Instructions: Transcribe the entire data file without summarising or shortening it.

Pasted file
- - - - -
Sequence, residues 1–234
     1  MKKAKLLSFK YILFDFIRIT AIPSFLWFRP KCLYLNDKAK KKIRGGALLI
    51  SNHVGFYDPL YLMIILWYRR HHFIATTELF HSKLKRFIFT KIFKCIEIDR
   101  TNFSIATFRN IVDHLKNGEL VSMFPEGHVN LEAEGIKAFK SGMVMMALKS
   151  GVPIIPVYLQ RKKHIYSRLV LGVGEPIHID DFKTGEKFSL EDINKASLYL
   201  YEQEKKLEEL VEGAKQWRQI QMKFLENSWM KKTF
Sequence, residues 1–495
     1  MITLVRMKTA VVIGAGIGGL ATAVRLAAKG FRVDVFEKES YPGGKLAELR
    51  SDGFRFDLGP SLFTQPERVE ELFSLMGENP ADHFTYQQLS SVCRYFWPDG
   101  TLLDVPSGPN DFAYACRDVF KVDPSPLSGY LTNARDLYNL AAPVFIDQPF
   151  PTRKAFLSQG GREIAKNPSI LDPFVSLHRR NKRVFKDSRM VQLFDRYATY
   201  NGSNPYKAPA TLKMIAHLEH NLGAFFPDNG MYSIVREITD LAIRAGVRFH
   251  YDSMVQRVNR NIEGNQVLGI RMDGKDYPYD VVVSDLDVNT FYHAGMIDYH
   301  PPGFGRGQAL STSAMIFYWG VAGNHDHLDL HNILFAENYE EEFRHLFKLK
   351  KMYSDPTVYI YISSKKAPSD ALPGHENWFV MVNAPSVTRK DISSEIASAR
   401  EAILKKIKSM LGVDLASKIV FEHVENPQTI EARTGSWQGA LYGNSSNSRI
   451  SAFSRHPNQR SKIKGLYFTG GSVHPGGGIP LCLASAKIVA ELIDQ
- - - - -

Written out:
Sequence, residues 1–234
     1  MKKAKLLSFK YILFDFIRIT AIPSFLWFRP KCLYLNDKAK KKIRGGALLI
    51  SNHVGFYDPL YLMIILWYRR HHFIATTELF HSKLKRFIFT KIFKCIEIDR
   101  TNFSIATFRN IVDHLKNGEL VSMFPEGHVN LEAEGIKAFK SGMVMMALKS
   151  GVPIIPVYLQ RKKHIYSRLV LGVGEPIHID DFKTGEKFSL EDINKASLYL
   201  YEQEKKLEEL VEGAKQWRQI QMKFLENSWM KKTF
Sequence, residues 1–495
     1  MITLVRMKTA VVIGAGIGGL ATAVRLAAKG FRVDVFEKES YPGGKLAELR
    51  SDGFRFDLGP SLFTQPERVE ELFSLMGENP ADHFTYQQLS SVCRYFWPDG
   101  TLLDVPSGPN DFAYACRDVF KVDPSPLSGY LTNARDLYNL AAPVFIDQPF
   151  PTRKAFLSQG GREIAKNPSI LDPFVSLHRR NKRVFKDSRM VQLFDRYATY
   201  NGSNPYKAPA TLKMIAHLEH NLGAFFPDNG MYSIVREITD LAIRAGVRFH
   251  YDSMVQRVNR NIEGNQVLGI RMDGKDYPYD VVVSDLDVNT FYHAGMIDYH
   301  PPGFGRGQAL STSAMIFYWG VAGNHDHLDL HNILFAENYE EEFRHLFKLK
   351  KMYSDPTVYI YISSKKAPSD ALPGHENWFV MVNAPSVTRK DISSEIASAR
   401  EAILKKIKSM LGVDLASKIV FEHVENPQTI EARTGSWQGA LYGNSSNSRI
   451  SAFSRHPNQR SKIKGLYFTG GSVHPGGGIP LCLASAKIVA ELIDQ